neoneye neoneye - 2 months ago 14
Git Question

git-checkout older revision of a file under a new name

I have the file "

main.cpp
" open in my editor.

I want to see the previous revision of "
main.cpp
" in the editor too.

The way I do it now is like this.

close "main.cpp" in the editor

prompt> mv main.cpp tmp
prompt> git checkout HEAD^ main.cpp
prompt> mv main.cpp old_main.cpp
prompt> mv tmp main.cpp
prompt>

open "main.cpp" and "old_main.cpp" in the editor


Can it be simplified, so I don't have to close "main.cpp" in the editor?

What I'm hoping for is a variant of
git-checkout
that can do this.




UPDATE: im using git on mac osx 10.5.7

prompt> git --version
git version 1.6.0.4
prompt>





UPDATE2: Jakub Narębski answer is:

prompt> git show HEAD^:dir1/dir2/dir3/main.cpp > old_main.cpp
prompt>





UPDATE3: Karmi's answer, for a specific revision:

prompt> git show 4c274dd91dc:higgs/Higgs.xcodeproj/project.pbxproj > old_project.pbxproj
prompt>

Answer

You can use "git show" for that:

prompt> git show HEAD^:main.cpp > old_main.cpp

(Note that there is colon ':' character between HEAD^ and main.cpp`.) The "<revision>:<path>" syntax is described in git rev-parse manpage, next to last point in the "Specifying revisions" section:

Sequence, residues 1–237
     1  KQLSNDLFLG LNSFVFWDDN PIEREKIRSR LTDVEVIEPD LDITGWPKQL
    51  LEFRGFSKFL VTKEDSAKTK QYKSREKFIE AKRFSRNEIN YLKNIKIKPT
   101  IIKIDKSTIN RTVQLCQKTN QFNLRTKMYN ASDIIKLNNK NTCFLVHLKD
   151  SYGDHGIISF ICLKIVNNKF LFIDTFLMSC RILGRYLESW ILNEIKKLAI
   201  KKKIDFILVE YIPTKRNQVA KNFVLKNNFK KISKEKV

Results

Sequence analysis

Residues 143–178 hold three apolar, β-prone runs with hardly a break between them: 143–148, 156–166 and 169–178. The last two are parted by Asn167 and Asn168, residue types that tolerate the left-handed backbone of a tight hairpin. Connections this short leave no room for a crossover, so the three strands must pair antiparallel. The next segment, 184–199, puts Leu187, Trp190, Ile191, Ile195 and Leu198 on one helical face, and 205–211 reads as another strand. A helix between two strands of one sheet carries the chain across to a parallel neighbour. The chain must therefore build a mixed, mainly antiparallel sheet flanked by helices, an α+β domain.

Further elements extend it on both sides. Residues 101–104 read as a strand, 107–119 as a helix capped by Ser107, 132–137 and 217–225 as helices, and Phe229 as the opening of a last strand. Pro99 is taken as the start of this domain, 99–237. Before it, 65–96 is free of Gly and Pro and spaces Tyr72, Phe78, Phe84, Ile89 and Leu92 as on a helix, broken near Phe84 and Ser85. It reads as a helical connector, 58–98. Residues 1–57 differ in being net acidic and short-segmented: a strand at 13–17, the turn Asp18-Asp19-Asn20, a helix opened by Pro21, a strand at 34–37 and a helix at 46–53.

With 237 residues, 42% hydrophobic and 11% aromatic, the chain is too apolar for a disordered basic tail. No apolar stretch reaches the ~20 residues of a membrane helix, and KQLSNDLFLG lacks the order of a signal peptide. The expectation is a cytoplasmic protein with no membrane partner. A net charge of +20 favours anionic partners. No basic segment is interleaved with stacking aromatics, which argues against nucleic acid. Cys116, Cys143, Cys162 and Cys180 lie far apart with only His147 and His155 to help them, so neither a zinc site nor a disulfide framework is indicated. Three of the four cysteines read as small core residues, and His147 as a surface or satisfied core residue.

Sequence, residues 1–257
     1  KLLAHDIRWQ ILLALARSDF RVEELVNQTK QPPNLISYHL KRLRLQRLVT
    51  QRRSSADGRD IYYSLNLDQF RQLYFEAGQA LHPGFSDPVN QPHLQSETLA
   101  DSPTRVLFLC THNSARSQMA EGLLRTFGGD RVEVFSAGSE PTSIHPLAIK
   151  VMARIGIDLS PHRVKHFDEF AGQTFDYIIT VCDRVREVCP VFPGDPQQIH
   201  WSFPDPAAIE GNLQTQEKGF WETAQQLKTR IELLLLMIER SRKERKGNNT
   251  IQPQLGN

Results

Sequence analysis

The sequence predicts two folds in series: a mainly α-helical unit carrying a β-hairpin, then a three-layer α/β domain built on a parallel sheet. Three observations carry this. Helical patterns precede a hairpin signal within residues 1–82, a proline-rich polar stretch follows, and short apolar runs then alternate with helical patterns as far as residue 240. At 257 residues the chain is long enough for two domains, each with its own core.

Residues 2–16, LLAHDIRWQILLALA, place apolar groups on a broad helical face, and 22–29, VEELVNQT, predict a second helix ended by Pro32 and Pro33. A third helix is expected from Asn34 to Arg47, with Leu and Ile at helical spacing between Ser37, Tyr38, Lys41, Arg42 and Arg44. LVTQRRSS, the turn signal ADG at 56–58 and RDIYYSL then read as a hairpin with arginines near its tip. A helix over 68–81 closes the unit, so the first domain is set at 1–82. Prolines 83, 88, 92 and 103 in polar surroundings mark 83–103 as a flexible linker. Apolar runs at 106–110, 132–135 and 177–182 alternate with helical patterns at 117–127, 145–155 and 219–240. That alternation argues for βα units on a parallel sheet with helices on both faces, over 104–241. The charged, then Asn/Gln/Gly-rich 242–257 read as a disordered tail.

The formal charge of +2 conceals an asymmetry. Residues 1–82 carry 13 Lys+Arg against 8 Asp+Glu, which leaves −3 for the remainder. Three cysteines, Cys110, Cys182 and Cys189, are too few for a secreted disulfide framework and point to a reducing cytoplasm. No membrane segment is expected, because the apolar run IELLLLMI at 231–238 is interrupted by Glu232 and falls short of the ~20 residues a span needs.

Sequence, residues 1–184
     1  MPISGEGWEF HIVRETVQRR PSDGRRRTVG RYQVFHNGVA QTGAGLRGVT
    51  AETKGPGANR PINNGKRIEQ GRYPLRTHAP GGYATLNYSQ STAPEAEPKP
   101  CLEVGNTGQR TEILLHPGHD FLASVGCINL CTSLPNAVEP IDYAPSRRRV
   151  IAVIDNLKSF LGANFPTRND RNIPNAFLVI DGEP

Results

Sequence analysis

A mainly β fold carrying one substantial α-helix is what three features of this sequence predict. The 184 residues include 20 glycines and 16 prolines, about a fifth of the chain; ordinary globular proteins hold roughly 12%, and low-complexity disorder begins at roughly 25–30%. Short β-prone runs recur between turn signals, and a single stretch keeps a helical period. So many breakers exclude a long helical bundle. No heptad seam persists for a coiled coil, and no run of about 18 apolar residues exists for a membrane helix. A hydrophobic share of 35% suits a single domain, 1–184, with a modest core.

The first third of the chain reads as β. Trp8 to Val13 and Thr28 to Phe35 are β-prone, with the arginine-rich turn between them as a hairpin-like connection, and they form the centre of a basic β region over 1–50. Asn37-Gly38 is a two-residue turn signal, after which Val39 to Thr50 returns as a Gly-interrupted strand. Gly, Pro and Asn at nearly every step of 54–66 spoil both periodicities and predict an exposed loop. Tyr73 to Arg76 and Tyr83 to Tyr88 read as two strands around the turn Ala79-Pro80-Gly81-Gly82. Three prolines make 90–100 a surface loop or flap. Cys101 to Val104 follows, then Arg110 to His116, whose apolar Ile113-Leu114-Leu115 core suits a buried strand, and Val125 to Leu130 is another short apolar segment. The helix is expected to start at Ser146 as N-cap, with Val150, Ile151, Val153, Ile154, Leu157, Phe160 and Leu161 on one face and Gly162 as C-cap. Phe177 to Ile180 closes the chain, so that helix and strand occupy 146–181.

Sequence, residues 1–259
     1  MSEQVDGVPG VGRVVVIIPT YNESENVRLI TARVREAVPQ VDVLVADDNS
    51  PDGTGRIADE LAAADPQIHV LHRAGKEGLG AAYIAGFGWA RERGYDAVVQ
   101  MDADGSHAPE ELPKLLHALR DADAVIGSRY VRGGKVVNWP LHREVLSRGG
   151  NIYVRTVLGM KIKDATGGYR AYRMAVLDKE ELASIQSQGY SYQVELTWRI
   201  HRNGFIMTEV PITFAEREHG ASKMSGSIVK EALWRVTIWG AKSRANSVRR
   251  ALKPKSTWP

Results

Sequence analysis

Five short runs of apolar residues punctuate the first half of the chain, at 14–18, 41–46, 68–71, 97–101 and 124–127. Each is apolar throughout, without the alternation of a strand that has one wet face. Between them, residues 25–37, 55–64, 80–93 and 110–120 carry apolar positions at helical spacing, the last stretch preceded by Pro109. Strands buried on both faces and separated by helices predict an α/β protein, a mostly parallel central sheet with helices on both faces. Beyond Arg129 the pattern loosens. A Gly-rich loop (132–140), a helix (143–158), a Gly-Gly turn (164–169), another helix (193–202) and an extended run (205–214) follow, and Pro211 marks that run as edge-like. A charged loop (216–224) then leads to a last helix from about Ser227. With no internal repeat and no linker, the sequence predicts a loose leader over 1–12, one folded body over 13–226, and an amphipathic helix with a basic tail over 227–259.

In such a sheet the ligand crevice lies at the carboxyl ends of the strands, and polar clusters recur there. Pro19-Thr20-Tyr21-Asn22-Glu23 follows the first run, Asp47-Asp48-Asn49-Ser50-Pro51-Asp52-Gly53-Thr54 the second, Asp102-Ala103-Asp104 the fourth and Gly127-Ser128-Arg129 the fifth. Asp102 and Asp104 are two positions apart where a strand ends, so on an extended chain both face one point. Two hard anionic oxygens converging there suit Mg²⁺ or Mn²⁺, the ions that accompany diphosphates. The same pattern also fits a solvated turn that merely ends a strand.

• <rev>:<path>, e.g. HEAD:README, :README, master:./README

    A suffix : followed by a path names the blob or tree at the given path in the tree-ish object named by the part before the colon. :path (with an empty part before the colon) is a special case of the syntax described next: content recorded in the index at the given path.

    A path starting with ./ or ../ is relative to the current working directory. The given path will be converted to be relative to the working tree’s root directory. This is most useful to address a blob or tree from a commit or tree that has the same tree structure as the working tree.

Note that "<path>" here is FULL path relative to the top directory of your project, i.e. the directory with .git/ directory. (Or to be more exact to "<revision>" (which in general can be any <tree-ish>, i.e. something that represents tree))

If you want to use path relative to the current directory, you need to use "./<path>" syntax (or "../<path>" to go up from current directory).

Edit 2015-01-15: added information about relative path syntax


You can get in most cases the same output using low-level (plumbing) git cat-file command:

prompt> git cat-file blob HEAD^:main.cpp > old_main.cpp
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